The doctrine of "programmed aging," and the Hayflick doctrine, maintain that cells have an innate capacity to undergo about 50 divisions, and that "aging" consists of having used up their limited capacity for division. It is clear that the medium in which the cells are cultured affects their ability to multiply, and that serum from old animals slows their growth. The experimental data from human cells cited by Hayflick oddly fail to support his theory. For example, cells from a sick 87 year old person underwent 29 divisions in culture, and those from a 26 year old person killed in a car accident were able to divide only 20 times in culture. Cells from a single individual, in different (repeated) cultures show very different "limits." (Williams, et al., 1987.) The appropriateness of the culture medium for the particular needs of the cells seems to be the issue, and all cells do have a "memory" or "program," reflecting their developmental state and function. Because of this cellular memory or inertia, a damaged condition might be passed on to daughter cells, and even to a subsequent generation or two, before full vigor can be restored. Historically, these "lingering effects" of the environment have been called "dauer-modifikationen." I believe our present level of pollution, by this sort of lingering effect on development, is going to produce an increasing incidence of birth defects, immunodeficiency, accelerated aging, and cancer, if biological remedies aren't found to neutralize its effects. The harmful effects of estrogen--DES, for example--persist for generations. Besides the hundreds of estrogenic chemicals accumulating in the environment, medical estrogen has been prescribed for approximately 200 stupid purposes. Harvard Medical School lent its prestige to the deadliest and most anti-scientific of these promotions, and government agencies have endorsed the fools and colluded with the criminals. Similar medical/industrial/governmental conspiracies have operated in many other areas, notably in the use of iron and seed oils.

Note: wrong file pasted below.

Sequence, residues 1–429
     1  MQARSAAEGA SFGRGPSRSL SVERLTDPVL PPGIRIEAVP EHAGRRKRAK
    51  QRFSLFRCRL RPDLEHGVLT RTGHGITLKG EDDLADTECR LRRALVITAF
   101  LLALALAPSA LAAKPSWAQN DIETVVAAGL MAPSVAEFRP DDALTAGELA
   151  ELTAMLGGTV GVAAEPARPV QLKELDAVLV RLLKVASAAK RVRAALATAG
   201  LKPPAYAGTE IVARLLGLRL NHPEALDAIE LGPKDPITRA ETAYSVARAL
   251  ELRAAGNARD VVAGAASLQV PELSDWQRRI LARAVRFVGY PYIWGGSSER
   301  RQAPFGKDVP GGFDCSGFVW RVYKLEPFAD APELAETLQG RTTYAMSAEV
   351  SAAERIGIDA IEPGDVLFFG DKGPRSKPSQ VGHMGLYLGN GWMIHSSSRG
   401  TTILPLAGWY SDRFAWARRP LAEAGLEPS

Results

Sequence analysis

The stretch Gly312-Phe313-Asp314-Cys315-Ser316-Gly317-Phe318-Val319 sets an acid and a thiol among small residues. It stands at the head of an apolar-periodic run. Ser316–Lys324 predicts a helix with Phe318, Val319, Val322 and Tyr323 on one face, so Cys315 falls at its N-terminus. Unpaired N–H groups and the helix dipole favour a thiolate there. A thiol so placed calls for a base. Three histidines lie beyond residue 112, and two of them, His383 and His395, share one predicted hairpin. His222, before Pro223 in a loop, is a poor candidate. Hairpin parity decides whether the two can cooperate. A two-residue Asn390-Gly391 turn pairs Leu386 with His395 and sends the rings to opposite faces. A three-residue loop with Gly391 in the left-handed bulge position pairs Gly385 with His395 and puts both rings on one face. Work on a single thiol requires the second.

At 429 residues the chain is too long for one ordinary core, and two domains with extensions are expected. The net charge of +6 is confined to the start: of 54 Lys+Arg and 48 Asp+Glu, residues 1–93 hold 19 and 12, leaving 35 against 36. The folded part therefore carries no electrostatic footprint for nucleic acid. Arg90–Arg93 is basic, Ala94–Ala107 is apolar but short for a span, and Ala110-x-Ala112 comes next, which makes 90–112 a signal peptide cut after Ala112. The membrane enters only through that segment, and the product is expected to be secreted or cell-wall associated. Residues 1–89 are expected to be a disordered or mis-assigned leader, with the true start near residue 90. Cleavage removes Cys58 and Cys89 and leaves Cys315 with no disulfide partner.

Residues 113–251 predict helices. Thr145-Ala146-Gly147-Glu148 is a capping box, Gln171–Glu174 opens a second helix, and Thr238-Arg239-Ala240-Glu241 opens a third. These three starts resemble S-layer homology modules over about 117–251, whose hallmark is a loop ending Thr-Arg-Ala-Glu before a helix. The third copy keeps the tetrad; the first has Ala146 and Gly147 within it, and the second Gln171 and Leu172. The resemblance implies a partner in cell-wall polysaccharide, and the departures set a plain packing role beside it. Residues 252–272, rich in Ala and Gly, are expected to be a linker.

The Possibility of Remedies



    There is evidence that cells can clear themselves of lipofuscin, but the mechanism isn't understood. As a result of low oxygen tension in the fetus, lipofuscin appears, but then disappears after birth. The composition of this material could be different from the material that develops later, but the greater metabolic activity of the newborn is probably related to the ability of cells to destroy it or to excrete it. Recently, it has been proposed that a variety of psychotropic drugs promote its excretion (Riga and Riga, 1995), but most of those drugs have serious side effects. In cultured brain cells, it was found that vitamin E and ethyl alcohol promote its disappearance. Since alcohol's toxic effects largely derive from its interactions with unsaturated oils and iron, a small amound of alcohol might be useful in clearing lipofuscin. I have often seen topically applied vitamin E with progesterone remove age spots from the skin. In younger (age 45 to 55) women who have developed the spots while using estrogen, the spots sometimes disappear when they stop using estrogen. In much older people, the use of vitamin E and progesterone has sometimes only caused the spots to slowly become lighter, during several months.